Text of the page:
As discussed below, the Bureau is seeking comment on when this final rule should be effective. Because the final rule will provide important benefits to consumers, the Bureau seeks to make it effective as soon as possible. However, the Bureau understands that the final rules will require servicers to make revisions to their software and to retrain their staff. In addition, some entities will be required to implement other Dodd-Frank Act provisions, which are subject to separate rulemaking deadlines under the statute and will have separate effective dates. Therefore, the Bureau is seeking comment on how much time industry needs to make these changes.

II. Background A. Overview of the Mortgage Servicing Market and Market Failures

The mortgage market is the single largest market for consumer financial products and services in the United States, with approximately $10.3 trillion in loans outstanding.4 Mortgage servicers play a vital role within the broader market by undertaking the day-to-day management of mortgage loans on behalf of lenders who hold the loans in their portfolios or (where a loan has been securitized) investors who are entitled to the loan proceeds.5 Over 60% of mortgage loans are serviced by mortgage servicers for investors.

4Inside Mortgage Finance, Outstanding 1-4 Family Mortgage Securities, Mortgage Market Statistical Annual (2012). For general background on the market and the recent mortgage crisis,seethe 2012 TILA-RESPA Proposal available at

5As of the end of 2011, approximately 33% of outstanding mortgage loans were held in portfolio, 57% of mortgage loans were owned through mortgage-backed securities issued by government sponsored enterprises (GSEs), and 11% of loans were owned through private label mortgage-backed securities. Inside Mortgage Finance, Issue 2012:13, at 11 (March 30, 2012). A securitization results in the economic separation of the legal title to the mortgage loan and a beneficial interest in the mortgage loan obligation. In a securitization transaction, a securitization trust is the owner or assignee of a mortgage loan. An investor is a creditor of the trust and is entitled to cash flows that are derived from the proceeds of the mortgage loans. In general, certain investors (or an insurer entitled to act on behalf of the investors) may direct the trust to take action as the owner or assignee of the mortgage loans for the benefit of the investors or insurers.See, e.g.,Adam Levitin & Tara Twomey,Mortgage Servicing,28 Yale J. on Reg., 1, 11 (2011) (Levitin & Twomey).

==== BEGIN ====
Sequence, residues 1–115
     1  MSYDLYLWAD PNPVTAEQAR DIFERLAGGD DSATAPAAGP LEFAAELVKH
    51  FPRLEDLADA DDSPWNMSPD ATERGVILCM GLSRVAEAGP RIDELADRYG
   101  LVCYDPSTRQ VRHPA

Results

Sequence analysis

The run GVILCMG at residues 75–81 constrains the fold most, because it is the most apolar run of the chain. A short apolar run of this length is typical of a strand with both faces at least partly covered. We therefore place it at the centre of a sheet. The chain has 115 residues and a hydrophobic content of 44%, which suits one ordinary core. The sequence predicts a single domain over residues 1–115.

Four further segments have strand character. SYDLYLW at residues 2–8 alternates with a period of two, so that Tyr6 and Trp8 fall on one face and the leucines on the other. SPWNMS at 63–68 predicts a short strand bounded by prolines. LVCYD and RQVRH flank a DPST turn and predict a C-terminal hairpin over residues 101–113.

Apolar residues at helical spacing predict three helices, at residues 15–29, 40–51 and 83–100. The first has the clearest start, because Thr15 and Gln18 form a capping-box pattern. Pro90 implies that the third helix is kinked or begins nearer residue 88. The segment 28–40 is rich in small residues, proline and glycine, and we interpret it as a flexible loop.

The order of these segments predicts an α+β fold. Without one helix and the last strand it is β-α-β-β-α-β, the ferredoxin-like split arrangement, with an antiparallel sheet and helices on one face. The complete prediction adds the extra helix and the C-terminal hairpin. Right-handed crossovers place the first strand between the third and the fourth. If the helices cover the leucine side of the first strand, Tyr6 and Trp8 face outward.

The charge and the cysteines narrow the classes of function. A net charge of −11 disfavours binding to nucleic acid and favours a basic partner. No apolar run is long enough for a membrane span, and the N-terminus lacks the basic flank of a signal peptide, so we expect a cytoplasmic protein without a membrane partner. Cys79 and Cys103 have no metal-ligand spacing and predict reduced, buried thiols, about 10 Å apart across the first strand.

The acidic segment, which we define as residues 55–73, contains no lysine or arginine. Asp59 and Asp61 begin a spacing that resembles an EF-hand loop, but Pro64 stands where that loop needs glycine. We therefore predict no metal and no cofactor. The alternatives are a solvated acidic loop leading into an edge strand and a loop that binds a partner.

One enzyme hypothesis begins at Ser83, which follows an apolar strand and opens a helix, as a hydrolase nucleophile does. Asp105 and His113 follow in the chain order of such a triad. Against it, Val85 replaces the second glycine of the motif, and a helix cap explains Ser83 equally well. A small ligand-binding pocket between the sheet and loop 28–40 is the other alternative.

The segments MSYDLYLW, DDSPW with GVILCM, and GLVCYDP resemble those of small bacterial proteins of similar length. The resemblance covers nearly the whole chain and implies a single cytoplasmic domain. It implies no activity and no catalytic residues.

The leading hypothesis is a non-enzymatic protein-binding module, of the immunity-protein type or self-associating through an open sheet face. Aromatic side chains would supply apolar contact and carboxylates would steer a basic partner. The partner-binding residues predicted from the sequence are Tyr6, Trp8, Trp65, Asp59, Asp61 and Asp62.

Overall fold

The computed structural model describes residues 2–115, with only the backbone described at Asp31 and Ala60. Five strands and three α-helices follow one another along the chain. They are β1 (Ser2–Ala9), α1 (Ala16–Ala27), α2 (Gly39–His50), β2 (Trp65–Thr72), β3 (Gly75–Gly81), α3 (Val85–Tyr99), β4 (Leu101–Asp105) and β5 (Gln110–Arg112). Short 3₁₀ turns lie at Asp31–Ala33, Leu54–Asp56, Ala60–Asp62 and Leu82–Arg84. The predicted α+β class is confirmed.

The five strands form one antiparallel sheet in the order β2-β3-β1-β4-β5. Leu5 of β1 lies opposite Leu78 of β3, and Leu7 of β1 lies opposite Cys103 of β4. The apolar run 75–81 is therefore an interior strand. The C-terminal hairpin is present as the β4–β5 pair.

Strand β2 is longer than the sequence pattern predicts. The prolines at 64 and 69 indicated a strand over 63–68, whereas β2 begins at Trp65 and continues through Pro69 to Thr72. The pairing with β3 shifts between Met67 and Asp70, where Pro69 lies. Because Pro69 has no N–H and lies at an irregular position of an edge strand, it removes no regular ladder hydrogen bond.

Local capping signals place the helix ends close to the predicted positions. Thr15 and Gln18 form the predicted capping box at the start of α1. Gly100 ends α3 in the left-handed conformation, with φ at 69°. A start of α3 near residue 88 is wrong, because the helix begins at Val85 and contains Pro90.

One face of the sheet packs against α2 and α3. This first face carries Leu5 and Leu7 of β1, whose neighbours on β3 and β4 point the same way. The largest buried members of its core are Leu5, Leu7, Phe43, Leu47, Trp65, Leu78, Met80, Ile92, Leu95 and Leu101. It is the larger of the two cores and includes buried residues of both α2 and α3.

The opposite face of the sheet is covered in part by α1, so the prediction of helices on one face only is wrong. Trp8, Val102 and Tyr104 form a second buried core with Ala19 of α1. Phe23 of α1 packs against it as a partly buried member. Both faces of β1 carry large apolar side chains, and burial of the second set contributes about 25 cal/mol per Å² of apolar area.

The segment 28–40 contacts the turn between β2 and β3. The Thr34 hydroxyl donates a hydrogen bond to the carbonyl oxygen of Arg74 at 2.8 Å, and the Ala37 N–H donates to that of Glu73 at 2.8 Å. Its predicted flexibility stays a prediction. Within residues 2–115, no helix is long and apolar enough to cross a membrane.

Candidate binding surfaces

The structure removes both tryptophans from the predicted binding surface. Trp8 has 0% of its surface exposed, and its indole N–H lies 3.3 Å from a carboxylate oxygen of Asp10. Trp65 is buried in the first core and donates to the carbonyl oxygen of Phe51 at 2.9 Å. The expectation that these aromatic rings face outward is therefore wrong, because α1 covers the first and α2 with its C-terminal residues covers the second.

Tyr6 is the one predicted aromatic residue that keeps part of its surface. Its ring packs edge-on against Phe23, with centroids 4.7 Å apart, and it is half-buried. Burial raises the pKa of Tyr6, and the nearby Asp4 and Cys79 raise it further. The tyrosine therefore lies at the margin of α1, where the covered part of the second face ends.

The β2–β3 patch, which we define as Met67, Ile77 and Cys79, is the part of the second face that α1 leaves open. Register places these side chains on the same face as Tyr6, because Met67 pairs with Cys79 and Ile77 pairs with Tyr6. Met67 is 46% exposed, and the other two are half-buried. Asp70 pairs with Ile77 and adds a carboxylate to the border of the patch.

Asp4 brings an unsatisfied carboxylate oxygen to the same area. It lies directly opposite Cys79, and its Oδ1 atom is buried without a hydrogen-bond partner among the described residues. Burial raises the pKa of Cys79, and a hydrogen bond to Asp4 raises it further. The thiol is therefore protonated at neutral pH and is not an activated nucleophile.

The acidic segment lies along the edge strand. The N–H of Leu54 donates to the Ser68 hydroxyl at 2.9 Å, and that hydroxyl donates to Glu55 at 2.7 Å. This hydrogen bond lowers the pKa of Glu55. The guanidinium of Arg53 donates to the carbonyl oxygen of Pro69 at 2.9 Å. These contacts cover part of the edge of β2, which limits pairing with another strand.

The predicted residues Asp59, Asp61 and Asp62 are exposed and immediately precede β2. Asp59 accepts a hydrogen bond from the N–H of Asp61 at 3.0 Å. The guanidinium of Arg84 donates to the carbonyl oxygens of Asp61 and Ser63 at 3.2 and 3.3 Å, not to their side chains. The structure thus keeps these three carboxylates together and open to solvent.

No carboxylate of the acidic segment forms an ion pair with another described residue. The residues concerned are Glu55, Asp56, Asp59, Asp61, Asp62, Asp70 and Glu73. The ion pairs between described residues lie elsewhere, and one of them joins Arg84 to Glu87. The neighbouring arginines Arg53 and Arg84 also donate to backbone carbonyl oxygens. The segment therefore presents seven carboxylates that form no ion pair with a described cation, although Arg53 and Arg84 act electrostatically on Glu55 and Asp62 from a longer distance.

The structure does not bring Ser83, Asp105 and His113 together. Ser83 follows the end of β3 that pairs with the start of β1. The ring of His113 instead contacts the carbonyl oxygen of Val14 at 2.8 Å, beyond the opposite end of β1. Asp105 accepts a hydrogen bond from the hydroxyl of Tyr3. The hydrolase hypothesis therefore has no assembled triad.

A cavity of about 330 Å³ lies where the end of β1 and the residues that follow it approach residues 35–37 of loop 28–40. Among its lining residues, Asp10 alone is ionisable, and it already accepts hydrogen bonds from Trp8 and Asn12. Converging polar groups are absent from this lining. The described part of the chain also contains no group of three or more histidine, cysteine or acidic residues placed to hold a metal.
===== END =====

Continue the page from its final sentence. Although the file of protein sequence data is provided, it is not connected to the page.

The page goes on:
Servicers' duties typically include billing borrowers for amounts due, collecting and allocating payments, maintaining and disbursing funds from escrow accounts, reporting to creditors or investors, and pursuing collection and loss mitigation activities (including foreclosures and loan modifications) with respect to delinquent borrowers. Indeed, without dedicated companies to perform these activities, it isquestionable whether a secondary market for mortgage-backed securities would exist in this country.6

6 See, e.g.,Levitin & Twomey at 11 (“All securitizations involved third-party servicers * * * [m]ortgage servicers provide the critical link between mortgage borrowers and the SPV and RMBS investors, and servicing arrangements are an indispensable part of securitization.”).

Several aspects of the mortgage servicing business make it uniquely challenging for consumer protection purposes. Given the nature of their activities, servicers can have a direct and profound impact on borrowers. However, industry compensation practices and the structure of the mortgage servicing industry create wide variations in servicers' incentives to provide effective customer service to borrowers. Also, because borrowers cannot choose their own servicers, it is particularly difficult for them to protect themselves from shoddy service or harmful practices.